More than this though, the things around her in the present influence the way the past is constructed completely; it changes not just what is remembered but how it is remembered. A fishing fly-hook on the wall of the room and an analogy Seligman makes between fly-fishing and Joe’s sex-life (almost as a joke) leads her to construct her young behaviour as sexual ‘baiting’. A discussion of Bach’s polyphony as having three parts makes her choose 3 lovers to embody her sexual history in the next chapter. Joe realises that this is arbitrary and says that she doesn’t know why she’s chosen three, but von Trier shows the viewer that it isn’t arbitrary at all, but the subject’s present brought to bear on their past. And these reflections can be extended even further with reference to Nymphomaniac’s own backtracking reference to Antichrist, in which the chronologically-former film’s opening shots are recreated, but without the fatal fall of the baby, and in so happening not only is a past revisited and revised, but a future – that of Gainsbourg’s in this film replicating hers in Antichrist – is diverted.
The main thrust of the film and the discourse surrounding it, however, has been the question of its feminine or feminist position; its dealing with feminine sexuality.
In Seminar XX Lacan jokingly berates women analysts for withholding from the school of psychoanalysis any clues to the mystery of feminine sexuality. What is in part going on in this statement – from within it – is the exposition of the very position from which the notion of ‘The Woman’ is espoused; that is, precisely, a male position. Lacan maintains that ‘The Woman doesn’t exist’, by which he doesn’t mean women, or a woman, but the notion of The Woman as created – in idealised and degrading forms – by the male gaze.
From the beginning of Nymphomaniac we are met with this problematic, for a woman – Joe – speaks, but her stories and history are constantly reinscribed into a male paradigm by Seligman’s finding everywhere parallels, allegories and analogies inspired by her tales (from likenings to Izaak Walton’s The Compleat Angler to visions of James Bond’s Walther PPK), the flashbacks of which are thus not fully Joe’s own.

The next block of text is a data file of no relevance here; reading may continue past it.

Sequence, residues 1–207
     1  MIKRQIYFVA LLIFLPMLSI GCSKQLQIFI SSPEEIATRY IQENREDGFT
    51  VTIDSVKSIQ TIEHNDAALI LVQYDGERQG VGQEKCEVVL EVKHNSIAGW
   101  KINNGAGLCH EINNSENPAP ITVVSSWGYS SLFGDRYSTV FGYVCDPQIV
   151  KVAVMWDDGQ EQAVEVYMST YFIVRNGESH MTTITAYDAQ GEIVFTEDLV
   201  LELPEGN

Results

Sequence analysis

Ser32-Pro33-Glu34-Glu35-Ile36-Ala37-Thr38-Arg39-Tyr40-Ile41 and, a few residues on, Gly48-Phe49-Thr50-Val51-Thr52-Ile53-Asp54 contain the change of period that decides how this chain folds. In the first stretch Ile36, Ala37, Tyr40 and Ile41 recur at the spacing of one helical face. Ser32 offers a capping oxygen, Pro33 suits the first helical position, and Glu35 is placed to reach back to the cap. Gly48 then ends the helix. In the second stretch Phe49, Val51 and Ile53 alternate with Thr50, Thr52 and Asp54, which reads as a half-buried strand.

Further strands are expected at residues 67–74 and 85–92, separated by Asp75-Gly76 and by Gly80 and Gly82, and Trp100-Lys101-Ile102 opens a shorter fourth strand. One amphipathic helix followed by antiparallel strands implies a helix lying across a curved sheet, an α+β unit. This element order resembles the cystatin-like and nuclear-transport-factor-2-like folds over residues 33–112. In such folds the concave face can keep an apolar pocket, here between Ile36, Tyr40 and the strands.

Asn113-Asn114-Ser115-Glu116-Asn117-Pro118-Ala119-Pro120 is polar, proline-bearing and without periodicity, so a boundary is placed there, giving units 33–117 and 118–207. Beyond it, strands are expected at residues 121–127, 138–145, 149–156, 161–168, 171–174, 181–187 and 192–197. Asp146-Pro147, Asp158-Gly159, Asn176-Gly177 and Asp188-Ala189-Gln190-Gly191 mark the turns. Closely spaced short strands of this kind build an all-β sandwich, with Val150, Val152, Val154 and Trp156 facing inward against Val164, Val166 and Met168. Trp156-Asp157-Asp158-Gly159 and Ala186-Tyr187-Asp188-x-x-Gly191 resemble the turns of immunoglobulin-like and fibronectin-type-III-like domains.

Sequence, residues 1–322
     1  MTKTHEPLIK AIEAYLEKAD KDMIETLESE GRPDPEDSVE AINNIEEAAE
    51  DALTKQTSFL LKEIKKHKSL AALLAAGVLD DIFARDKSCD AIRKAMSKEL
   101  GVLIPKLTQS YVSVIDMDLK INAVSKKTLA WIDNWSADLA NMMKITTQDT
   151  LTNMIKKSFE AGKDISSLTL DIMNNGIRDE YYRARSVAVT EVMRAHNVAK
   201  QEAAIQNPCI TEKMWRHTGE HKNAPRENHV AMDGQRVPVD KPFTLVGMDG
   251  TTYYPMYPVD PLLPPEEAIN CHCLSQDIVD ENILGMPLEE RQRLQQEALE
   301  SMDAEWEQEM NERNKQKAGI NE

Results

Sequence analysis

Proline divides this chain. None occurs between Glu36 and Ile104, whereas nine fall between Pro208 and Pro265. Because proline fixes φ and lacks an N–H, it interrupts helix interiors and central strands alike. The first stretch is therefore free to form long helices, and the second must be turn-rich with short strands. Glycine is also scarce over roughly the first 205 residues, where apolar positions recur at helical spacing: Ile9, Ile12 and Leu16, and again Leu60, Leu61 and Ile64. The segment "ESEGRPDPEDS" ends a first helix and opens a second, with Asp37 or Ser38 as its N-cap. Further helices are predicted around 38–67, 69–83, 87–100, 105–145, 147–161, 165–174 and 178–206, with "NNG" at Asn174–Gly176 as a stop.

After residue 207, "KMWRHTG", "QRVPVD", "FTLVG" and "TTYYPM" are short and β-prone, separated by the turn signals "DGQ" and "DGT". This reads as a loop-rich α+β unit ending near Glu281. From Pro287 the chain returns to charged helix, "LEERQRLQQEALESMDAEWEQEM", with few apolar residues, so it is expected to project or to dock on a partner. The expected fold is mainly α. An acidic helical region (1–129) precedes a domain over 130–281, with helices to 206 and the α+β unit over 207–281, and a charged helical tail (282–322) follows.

That the film deals with feminine sexuality, that in it a woman speaks her story, or that it lets a woman speak, are instances which have met with feminist approval, but which are at the same time complicated by the fact of the male (gaze) at its helm. The truly radical moment of Nymphomaniac is then its very end. Whilst a woman has spoken throughout the film, it has been to a male interpreter, been in front of a male gaze. No matter how friendly, virginal, and sympathetic that male gaze may have been, its threat nonetheless palpably lingers. In the last scene Joe shoots Seligman after his insipid rape attempt. This shooting – left somewhat open and unconcluded – is thus not the death of the male gaze, but rather its confrontation (and possibly also the confrontation with the speculum of the other woman – to use Lacan’s most famous female student, and detractor, Luce Irigaray’s term – which leaves open the door to new takes on the film’s subject matter). It is here then that von Trier brings a certain euphemism for death formidably into its own, for it is at this point that the male gaze precisely meets its maker.